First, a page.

Eta: though there may be follow up:
https://bc.ctvnews.ca/mobile/woman-h...rash-1.4636119

Last edited by CarnalK; 10-18-2019 at 07:12 PM.
  #212  
Old 10-18-2019, 07:15 PM
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Sorry, he was held briefly but then released, not free to go from the scene.
  #213  
Old 10-23-2019, 10:58 PM
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Video has emerged suggesting the woman was stepping over the trailer hitch when the driver put the car in gear and drove off. If so, he may not even have known about the woman until he came to a stop some blocks later.

https://bc.ctvnews.ca/mobile/video-c...-say-1.4650574
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  #214  
Old 10-24-2019, 05:12 PM
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Sorry, he was held briefly but then released, not free to go from the scene.
On what basis was he not free to go? If he's not charged with anything, the police can't restrict his movements.
  #215  
Old 10-24-2019, 05:47 PM
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Originally Posted by Steophan View Post
I'm claiming that it's reasonable to expect that driving on the wrong side of the road will lead to a head on collision. And I don't believe that anyone actually disagrees with that. She paid insufficient attention to what she was doing, with predictable (and tragic) results.

Or to put it another way, she drove in such a way that she should have expected a collision.
Are you making the case for a specific offense? Or are you just saying she has moral culpability, and should have been paying closer attention/taken greater care regarding the possibility of making this error?

Specific offenses have mental state requirements, and link the mental state to something specific. Without knowing the particular offense, it's hard to discuss what mental state would lead to criminal liability.
  #216  
Old 10-24-2019, 08:20 PM
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On what basis was he not free to go? If he's not charged with anything, the police can't restrict his movements.
You're a funny, funny guy. I assume the basis was "we're deciding whether to charge him" camouflaged with "we really need you to come down to the station for sone questions".

Last edited by CarnalK; 10-24-2019 at 08:21 PM.
  #217  
Old 10-24-2019, 08:33 PM
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Are you making the case for a specific offense? Or are you just saying she has moral culpability, and should have been paying closer attention/taken greater care regarding the possibility of making this error?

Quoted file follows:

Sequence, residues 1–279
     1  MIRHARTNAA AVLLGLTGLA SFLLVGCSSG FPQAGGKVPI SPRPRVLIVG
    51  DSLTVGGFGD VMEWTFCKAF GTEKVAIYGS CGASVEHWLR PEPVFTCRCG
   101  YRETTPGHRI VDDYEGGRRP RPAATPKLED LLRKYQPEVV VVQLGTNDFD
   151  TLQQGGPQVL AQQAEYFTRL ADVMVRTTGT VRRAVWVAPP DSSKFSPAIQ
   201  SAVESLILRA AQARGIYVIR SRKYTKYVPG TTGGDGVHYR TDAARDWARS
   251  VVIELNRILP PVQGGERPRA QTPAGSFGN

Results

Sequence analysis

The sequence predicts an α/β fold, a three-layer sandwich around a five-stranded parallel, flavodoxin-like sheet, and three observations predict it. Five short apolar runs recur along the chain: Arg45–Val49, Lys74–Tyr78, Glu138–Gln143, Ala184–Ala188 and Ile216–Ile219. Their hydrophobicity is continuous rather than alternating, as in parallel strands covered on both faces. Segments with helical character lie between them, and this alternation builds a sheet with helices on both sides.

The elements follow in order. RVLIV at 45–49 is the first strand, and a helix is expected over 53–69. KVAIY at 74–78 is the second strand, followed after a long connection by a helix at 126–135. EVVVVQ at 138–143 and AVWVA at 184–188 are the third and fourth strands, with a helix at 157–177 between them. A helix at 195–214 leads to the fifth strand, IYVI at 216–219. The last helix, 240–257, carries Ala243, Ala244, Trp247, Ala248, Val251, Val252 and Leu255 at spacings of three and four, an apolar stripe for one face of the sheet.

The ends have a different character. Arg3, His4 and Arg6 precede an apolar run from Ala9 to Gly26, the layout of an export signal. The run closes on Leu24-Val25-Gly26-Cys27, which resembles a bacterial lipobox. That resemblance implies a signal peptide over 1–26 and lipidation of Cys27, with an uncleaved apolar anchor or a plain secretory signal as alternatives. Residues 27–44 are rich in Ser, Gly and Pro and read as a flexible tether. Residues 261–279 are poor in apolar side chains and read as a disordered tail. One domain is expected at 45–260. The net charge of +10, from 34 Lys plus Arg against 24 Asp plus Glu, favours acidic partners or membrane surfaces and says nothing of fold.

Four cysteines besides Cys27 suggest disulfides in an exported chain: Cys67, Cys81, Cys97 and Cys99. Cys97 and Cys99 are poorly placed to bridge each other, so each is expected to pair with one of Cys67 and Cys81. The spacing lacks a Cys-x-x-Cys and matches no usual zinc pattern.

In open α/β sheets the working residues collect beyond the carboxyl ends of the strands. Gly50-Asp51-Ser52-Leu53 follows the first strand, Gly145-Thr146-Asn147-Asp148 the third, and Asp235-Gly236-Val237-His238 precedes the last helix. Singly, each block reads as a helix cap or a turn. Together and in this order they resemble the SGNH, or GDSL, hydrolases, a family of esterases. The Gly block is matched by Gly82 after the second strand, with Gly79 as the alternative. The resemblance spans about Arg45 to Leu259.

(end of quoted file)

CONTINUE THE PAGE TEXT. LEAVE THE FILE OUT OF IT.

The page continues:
Specific offenses have mental state requirements, and link the mental state to something specific. Without knowing the particular offense, it's hard to discuss what mental state would lead to criminal liability.
The mental state would be recklessness or negligence, and the offence one involving either reckless or dangerous driving.

Dangerous driving does not require that the intent be to drive dangerously, just that a competent and careful driver would know that it was dangerous. I would argue that any competent and careful driver would know which side of the road to drive on, and that it is extremely dangerous to drive on the other.

Causing death by dangerous driving is a serious crime, with punsihment of up to 14 years imprisonment.

In short, being careless about which side of the road you drive on is very much illegal, and I would say that the several people here who've said how easy it is should reflect on how much care they take when driving.
  #218  
Old 10-24-2019, 10:00 PM
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You're a funny, funny guy. I assume the basis was "we're deciding whether to charge him" camouflaged with "we really need you to come down to the station for sone questions".
perhaps I misunderstood you. But if the police have released him without charges, they have no power to tell him he can't leave the area.

Or were you meaning when they initially contacted him at the scene of the accident? But even then, absent an arrest, they have no power to compel him to come to the police station for questioning.
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  #219  
Old 10-24-2019, 10:51 PM
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What I mean is: repeating what my linked CTV article reported. I don't get what you're questioning me about.
  #220  
Old 10-25-2019, 01:35 AM
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perhaps I misunderstood you. But if the police have released him without charges, they have no power to tell him he can't leave the area.
....
Yes, Police can and do tell you not to leave the jurisdiction without charges filed, they even confiscate passports.
  #221  
Old 10-25-2019, 07:37 AM
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Yes, Police can and do tell you not to leave the jurisdiction without charges filed, they even confiscate passports.
The police can tell you that, but I don't think they have any recourse if you leave. They can say a lot of things that aren't true. And I don't believe they can confiscate a passport without a court order.
  #222  
Old 10-25-2019, 09:20 PM
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The mental state would be recklessness or negligence, and the offence one involving either reckless or dangerous driving.

Dangerous driving does not require that the intent be to drive dangerously, just that a competent and careful driver would know that it was dangerous. I would argue that any competent and careful driver would know which side of the road to drive on, and that it is extremely dangerous to drive on the other.